Come visit DuPont at the 23rd annual International Food and Agribusiness Management Forum & Symposium (IFAMA) event in Atanta, GA.
On Wednesday, June 19th, tune into: “Achieving Food Security” a keynote address by Jim Borel, Executive Vice President, DuPont. This event will be live-streamed at 8:30 a.m. ET.
Also on June 19th attend:
Global Food Security Index Workshop
Led by the Economist Intelligence Unit
2:15 p.m. ET, Wednesday, June 19
The Economist Intelligence Unit will conduct an interactive workshop to explore the Global Food Security Index (http://foodsecurityindex.eiu.com/), a unique tool sponsored by DuPont, that considers the underlying drivers of food security in 105 countries worldwide. Leo Abruzzese, the Economist Intelligence Unit’s editorial director, will present an overview of the Global Food Security Index model and demonstrate to participants ways in which the model can be used in their own work and research. Conference registration required to attend.
Partnerships & Priorities: Transforming the Global Food Security Agenda
With the pressing environmental and demographic challenges facing a hungry world, we have seen a growing push toward international collaboration between institutions, disciplines, public and private sectors and countries. The 2012 Borlaug Dialogue will highlight the role of partnerships and their importance in confronting hunger challenges by driving forward cutting edge research and application at the intersection of science, education and enterprise.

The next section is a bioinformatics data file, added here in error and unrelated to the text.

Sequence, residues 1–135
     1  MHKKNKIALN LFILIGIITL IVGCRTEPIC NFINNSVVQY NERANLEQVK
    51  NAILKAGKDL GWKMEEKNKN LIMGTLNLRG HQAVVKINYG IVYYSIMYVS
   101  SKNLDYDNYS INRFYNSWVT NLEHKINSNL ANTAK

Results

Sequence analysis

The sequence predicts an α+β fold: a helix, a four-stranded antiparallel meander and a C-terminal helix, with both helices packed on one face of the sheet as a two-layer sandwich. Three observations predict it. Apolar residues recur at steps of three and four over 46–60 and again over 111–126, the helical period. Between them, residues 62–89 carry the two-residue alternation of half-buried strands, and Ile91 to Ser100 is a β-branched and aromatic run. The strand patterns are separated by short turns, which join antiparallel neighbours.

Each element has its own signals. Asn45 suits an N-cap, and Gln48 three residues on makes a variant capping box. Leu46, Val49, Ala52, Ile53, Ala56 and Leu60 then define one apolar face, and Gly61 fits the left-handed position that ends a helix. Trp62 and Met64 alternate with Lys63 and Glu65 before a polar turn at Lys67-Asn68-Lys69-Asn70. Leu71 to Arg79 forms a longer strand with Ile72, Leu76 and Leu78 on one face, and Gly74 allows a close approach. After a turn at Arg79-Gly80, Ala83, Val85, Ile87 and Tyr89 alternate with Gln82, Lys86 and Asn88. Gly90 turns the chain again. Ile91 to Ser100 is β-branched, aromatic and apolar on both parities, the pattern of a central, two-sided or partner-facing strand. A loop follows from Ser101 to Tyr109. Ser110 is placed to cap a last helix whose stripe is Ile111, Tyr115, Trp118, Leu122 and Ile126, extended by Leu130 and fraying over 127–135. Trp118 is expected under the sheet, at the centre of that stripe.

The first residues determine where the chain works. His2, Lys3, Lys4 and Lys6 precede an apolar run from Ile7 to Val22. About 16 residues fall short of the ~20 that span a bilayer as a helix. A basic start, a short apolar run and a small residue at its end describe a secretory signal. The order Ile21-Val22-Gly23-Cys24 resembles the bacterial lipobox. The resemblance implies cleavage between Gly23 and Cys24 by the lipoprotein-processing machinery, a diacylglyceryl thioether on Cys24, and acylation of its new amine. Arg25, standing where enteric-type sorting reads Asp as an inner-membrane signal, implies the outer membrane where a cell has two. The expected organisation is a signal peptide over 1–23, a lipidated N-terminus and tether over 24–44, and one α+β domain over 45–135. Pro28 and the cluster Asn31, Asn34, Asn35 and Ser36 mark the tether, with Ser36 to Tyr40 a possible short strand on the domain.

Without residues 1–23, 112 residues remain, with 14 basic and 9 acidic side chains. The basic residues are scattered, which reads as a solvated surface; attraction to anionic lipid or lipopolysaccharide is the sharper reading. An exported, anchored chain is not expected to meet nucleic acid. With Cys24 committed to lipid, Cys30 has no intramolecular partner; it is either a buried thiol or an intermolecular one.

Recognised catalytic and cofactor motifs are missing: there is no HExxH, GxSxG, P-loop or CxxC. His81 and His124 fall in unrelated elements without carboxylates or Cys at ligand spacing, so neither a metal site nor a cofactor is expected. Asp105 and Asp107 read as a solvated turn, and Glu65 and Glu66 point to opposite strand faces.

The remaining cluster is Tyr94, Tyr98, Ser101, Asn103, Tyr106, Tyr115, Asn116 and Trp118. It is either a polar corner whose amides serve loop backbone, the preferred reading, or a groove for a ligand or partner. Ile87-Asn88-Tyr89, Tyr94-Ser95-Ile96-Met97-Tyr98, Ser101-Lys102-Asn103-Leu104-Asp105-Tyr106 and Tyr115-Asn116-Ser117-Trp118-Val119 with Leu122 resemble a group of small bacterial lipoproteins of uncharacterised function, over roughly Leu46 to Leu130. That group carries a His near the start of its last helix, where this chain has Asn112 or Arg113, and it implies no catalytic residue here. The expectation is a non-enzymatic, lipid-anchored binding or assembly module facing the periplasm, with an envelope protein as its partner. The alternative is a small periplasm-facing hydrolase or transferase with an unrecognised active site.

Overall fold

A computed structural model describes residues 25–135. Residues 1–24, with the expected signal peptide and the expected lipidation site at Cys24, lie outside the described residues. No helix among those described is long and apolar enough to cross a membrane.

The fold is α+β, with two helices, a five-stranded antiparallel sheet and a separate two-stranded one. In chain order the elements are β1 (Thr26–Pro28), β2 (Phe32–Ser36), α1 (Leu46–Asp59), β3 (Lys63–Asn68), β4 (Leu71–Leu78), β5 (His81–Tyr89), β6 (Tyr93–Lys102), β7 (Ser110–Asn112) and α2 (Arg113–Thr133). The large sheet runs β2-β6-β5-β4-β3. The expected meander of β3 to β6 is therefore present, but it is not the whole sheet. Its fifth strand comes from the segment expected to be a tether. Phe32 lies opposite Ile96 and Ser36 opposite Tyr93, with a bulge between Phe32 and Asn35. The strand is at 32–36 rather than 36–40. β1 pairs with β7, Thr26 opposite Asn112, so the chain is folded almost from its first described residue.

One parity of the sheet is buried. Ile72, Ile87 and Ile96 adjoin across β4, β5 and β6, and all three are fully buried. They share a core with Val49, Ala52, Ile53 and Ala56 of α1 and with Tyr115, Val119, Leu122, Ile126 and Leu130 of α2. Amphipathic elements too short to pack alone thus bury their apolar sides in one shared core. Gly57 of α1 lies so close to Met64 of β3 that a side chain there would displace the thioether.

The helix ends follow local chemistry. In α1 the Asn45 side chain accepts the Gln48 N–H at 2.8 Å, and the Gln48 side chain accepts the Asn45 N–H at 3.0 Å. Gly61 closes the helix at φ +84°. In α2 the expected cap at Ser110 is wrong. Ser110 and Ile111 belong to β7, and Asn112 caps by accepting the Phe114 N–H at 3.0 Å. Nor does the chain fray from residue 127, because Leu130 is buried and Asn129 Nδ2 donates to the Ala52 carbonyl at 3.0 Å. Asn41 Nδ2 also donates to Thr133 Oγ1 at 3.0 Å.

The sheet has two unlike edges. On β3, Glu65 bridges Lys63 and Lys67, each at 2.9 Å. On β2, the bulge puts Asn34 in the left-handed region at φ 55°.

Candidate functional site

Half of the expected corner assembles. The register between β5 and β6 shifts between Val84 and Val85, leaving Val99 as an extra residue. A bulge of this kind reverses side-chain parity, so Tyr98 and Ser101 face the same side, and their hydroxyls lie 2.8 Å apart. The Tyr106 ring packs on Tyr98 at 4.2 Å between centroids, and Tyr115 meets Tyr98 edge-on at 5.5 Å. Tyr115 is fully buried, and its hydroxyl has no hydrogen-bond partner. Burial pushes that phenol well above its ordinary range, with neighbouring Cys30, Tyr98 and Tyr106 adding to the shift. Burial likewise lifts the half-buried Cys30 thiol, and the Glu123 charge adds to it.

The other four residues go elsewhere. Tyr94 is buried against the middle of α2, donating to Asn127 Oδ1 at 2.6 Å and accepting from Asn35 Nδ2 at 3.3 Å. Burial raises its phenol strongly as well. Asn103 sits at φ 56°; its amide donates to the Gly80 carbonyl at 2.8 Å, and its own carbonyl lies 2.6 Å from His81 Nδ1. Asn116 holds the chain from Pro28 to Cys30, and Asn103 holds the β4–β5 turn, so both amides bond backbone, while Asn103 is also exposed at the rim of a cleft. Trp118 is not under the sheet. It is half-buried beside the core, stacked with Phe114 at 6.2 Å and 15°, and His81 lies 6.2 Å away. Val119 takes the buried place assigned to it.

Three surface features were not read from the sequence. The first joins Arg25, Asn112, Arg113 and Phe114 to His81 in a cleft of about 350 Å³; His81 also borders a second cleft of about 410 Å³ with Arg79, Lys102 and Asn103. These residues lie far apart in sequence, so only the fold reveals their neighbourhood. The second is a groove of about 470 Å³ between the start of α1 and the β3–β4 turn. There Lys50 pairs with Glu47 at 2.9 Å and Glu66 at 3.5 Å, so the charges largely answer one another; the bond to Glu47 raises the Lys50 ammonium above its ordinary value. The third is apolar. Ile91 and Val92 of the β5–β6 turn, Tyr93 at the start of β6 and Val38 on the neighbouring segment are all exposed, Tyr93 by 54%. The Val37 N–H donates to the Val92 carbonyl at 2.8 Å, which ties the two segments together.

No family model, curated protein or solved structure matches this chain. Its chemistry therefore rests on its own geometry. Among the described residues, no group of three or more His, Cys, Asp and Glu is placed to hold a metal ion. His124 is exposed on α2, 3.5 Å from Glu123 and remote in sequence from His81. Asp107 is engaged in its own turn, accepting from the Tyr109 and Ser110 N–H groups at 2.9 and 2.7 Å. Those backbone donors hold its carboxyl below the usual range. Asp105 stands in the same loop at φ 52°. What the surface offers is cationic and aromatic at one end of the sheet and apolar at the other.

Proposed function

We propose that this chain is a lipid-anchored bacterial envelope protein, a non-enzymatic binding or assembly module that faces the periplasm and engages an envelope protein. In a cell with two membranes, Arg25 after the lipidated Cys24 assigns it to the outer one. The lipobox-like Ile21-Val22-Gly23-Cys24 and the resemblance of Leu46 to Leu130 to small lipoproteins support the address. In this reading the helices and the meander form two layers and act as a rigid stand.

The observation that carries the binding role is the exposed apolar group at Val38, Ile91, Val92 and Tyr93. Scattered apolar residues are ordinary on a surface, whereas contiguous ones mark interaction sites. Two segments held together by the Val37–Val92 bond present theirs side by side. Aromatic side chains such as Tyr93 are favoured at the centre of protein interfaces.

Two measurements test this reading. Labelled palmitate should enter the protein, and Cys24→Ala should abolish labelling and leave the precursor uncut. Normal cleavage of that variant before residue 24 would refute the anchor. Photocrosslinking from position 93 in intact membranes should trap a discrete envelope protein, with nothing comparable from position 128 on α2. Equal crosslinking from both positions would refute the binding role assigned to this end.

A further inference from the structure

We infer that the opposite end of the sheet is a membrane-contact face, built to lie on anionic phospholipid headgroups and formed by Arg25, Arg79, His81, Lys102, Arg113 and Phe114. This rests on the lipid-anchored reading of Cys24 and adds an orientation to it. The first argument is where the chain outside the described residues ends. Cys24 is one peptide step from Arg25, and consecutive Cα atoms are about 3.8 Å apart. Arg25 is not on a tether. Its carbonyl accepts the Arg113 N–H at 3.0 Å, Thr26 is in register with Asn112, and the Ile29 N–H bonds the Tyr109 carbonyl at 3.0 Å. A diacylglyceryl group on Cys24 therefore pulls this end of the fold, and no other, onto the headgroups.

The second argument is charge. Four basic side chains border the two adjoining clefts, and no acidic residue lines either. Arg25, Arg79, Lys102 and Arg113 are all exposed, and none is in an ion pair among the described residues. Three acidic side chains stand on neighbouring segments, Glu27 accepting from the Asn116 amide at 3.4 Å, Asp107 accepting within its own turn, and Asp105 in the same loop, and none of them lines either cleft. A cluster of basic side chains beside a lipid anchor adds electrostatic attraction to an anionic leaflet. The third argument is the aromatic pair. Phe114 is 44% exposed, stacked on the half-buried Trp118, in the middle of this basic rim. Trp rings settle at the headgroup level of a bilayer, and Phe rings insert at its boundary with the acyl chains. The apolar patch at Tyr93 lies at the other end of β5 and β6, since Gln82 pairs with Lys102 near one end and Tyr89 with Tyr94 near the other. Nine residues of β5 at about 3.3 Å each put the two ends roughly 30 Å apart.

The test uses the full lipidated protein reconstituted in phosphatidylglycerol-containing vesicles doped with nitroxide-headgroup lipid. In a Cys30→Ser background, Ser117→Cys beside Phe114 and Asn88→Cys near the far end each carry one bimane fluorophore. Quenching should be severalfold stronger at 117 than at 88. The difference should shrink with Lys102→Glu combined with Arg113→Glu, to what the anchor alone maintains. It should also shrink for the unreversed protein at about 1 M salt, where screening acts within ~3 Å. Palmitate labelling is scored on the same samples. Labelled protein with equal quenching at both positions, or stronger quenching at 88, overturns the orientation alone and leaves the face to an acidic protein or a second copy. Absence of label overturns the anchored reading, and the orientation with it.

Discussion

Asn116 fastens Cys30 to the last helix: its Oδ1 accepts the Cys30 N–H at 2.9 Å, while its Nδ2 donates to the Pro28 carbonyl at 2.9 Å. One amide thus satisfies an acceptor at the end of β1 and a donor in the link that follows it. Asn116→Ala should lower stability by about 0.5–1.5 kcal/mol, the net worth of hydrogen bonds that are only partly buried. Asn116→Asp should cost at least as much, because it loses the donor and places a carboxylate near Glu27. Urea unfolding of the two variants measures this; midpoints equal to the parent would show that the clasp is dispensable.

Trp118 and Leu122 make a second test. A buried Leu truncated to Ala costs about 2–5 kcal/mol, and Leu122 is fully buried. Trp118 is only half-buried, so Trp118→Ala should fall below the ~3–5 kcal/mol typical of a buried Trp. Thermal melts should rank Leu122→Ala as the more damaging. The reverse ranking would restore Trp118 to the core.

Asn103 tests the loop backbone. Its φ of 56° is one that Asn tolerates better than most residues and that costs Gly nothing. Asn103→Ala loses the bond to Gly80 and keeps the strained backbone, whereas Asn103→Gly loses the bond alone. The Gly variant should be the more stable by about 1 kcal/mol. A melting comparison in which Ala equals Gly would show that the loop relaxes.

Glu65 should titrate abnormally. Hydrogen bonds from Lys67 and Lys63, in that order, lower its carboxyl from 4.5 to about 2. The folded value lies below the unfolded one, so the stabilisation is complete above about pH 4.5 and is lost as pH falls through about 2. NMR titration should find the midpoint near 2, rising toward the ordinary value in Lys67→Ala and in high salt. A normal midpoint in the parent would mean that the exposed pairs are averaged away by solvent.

The “Partnerships and Priorities” theme will ask several critical questions:
- What are some of the lessons learned from past partnerships?
- Where do we want to be and how do we best leverage partnerships to get there?
- How is the traditional food security agenda being transformed with new models of collaboration around the world?
Beginning Wednesday, Oct. 17, this three-day dialogue will address the questions above. For the full agenda, schedule of events and a list of speakers, please click here.
The Iowa Hunger Summit seeks to gather leaders from across Iowa representing community organizations, business and industry, state and local government, social agencies, churches and religious communities, schools and universities, and other individuals and groups that lead or participate in projects to confront hunger.
This event is held annually and includes the official World Food Prize Laureate Award Ceremony as well as a Borlaug dialogue international symposium bringing increased awareness and attention to the issues of global food security, agriculture and science. Learn More.
Join DuPont, the Economist Intelligence Unit (EIU) and special guest speakers for the unveiling of a new tool to assess the impact of food price shocks at the nation level. On Wednesday, Oct. 17, an expert panel will discuss the findings of the Price Adjustment Factor, an interactive tool that presents a new level of insight into the potential impact of food price fluctuations on the ability to address food security at the local level. Commissioned by DuPont and created by the EIU, the Price Adjustment Factor of the Global Food Security Index captures the impact of changing food prices and other macroeconomic considerations over time in 105 countries, on a country by country basis.
Please join the forum via teleconference on Wednesday, Oct. 17 from
8:00 – 9:00 a.m. CDT. Use this information below to access the call.
- Toll free number for callers within the U.S., Canada or Puerto Rico: (877) 941-8269